Wednesday, May 14, 2014

When to Call In Your AC Repairman

The sizzling heat of a Texas summer can be unbearable, even more so when you’re in Houston. Under such heat, it’s important to keep the air conditioner running. The problem with that is that with constant use, your AC unit can slow down, or break down altogether. You can avoid sudden disasters like in the middle of July, by knowing the right time to call on licensed technicians to check your AC unit.

Before Problems Happen
Remember that an ounce of prevention is better than a pound of cure. Regular maintenance can crowd your quarterly budget, but major repairs could be more costly. Call an AC professional for unit checkups at least once a year. An AC expert should be able to do the necessary maintenance work, such as cleaning the unit’s coils and filters, and inspecting the ductwork. Annual unit checkups should help catch potential problems that may cause you big headaches later on.

Sunday, May 11, 2014

Knowing When Your Air Conditioner Needs Professional Care

With the Texas heat beating down on the city of Houston, air conditioning is a life saver. However, it can malfunction or break down just when you need your room to cool. Knowing when to call the repairman is an important part of maintaining your AC unit. Here are some AC problems that might need professional attention.

Faulty Installation

A common problem that crops up more times than it should is incorrect installation. If not properly placed, a central air conditioner can have leaky ducts and weak airflow. This is the same for a window AC unit. If faced with this problem, only a technician should be able to reinstall the unit properly. It will cost your more for the extra work of correcting an error, but it will be better in the long run.

Thursday, May 8, 2014

Save On Your Air Conditioning Bill with Proper Maintenance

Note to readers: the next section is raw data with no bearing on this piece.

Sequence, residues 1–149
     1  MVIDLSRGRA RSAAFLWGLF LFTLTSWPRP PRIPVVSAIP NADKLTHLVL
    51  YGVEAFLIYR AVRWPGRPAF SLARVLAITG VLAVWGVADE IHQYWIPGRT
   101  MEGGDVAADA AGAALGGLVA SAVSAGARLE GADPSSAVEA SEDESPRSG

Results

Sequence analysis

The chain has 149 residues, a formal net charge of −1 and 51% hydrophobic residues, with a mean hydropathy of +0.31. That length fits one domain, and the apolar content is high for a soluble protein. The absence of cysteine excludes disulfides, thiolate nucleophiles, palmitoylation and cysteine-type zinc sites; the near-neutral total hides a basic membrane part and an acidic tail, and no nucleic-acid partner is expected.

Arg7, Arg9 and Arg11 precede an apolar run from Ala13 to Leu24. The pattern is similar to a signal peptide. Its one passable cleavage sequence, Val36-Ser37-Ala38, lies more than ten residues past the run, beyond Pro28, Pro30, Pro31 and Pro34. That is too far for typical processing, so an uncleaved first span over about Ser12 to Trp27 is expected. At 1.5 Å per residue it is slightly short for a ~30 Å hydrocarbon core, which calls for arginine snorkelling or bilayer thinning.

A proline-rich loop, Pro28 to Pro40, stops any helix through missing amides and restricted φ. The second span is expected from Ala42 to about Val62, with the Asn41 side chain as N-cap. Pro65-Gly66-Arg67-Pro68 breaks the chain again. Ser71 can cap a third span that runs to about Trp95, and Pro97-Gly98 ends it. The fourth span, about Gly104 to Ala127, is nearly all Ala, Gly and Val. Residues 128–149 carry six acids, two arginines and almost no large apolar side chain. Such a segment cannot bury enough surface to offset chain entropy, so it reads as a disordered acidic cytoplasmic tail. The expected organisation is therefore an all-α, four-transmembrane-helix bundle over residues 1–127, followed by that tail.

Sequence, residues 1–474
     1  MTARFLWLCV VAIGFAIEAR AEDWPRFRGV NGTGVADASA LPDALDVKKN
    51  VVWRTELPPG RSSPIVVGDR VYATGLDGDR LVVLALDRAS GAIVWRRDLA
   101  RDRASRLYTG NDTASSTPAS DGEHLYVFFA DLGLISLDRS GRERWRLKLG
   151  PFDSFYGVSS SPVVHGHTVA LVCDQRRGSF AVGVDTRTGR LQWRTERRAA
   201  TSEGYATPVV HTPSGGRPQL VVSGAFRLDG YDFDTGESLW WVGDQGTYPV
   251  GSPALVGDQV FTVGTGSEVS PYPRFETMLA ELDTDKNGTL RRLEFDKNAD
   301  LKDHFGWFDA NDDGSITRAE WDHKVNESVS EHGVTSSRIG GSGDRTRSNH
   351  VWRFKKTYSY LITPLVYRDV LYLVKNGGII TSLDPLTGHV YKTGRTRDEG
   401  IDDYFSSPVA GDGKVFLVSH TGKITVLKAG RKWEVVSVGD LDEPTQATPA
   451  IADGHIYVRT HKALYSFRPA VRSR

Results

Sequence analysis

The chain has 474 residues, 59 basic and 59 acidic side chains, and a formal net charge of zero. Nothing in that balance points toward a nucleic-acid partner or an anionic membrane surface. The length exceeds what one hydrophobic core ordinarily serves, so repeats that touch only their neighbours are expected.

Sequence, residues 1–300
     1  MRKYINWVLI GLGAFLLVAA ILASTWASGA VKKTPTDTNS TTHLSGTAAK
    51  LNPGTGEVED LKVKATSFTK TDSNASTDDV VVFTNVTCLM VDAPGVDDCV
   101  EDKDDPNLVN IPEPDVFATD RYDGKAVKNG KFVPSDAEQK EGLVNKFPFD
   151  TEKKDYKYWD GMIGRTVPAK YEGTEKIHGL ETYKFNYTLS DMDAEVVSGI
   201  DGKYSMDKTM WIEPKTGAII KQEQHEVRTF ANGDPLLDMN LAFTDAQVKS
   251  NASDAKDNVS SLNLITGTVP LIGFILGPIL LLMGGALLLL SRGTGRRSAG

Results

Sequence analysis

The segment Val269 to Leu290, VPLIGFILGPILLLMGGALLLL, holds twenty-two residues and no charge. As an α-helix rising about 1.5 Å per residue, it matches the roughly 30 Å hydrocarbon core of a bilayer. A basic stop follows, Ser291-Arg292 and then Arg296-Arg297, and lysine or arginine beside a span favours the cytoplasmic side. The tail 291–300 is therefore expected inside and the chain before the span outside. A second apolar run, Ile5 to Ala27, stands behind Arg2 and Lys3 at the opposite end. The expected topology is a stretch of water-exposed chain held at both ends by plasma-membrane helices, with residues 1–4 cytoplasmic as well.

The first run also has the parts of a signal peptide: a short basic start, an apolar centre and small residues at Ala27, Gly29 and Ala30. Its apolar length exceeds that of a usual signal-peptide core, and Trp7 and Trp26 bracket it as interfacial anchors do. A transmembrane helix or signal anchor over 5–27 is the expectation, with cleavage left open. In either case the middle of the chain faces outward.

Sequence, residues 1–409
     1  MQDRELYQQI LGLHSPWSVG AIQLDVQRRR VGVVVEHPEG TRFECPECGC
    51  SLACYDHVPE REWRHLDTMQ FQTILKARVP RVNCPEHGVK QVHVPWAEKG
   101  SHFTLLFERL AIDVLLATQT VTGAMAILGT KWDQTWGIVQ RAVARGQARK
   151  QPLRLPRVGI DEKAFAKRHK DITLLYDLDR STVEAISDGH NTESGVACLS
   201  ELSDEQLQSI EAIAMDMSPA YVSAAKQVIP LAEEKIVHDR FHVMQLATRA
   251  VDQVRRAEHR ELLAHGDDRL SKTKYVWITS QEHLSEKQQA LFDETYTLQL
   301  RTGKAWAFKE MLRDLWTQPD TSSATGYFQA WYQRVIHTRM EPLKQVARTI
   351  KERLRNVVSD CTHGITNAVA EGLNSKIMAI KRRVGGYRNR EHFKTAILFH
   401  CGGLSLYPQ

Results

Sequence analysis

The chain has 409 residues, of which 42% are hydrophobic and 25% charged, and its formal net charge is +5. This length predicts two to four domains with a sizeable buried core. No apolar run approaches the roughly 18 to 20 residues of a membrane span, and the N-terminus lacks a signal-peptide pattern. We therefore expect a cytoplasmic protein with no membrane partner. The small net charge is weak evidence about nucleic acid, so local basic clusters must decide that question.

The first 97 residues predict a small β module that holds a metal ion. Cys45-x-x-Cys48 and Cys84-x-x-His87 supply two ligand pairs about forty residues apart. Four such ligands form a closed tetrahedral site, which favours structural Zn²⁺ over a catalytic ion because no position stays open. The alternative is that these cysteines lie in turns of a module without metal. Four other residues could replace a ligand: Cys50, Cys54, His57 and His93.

It can be uncomfortably hot in Houston. The tropical heat brings both humidity and high temperatures, a combination that can dispirit and dehydrate anyone. In such temperature, a well-functioning AC unit is a godsend, though there is a price for this cooling comfort. You can expect high electricity bills with continued usage.

There are a few ways to shave off a few dollars from your power bill. You can keep energy down by making sure your unit operates at its highest and most efficient level. You can ensure this by maintaining your AC unit regularly; the less maintained it is, the weaker its performance which results in higher energy use. Focus on maintaining these parts:

  • Filters – Clean air filters to ensure normal airflow and that only clean, filtered air gets in.
When dirty air reaches the evaporator coil, it can reduce its ability to absorb heat. Make sure your filters are cleaned or replaced on a monthly basis.
  • Coils – The two coils that are the heart of an AC unit, the evaporator and condenser coils, can collect dirt, depending on their location. Make sure that there are no obstructions around these parts to ensure their smooth operation.
  • Fins – The aluminum fins on both coils can get bent and block airflow. Regularly check to see if they are intact and not dented.

These are the three main parts you can look out for; if your AC still does not seem to cool the room, call an AC professional to check on your unit. He will recommend the proper repair to keep your AC working at full efficiency once again.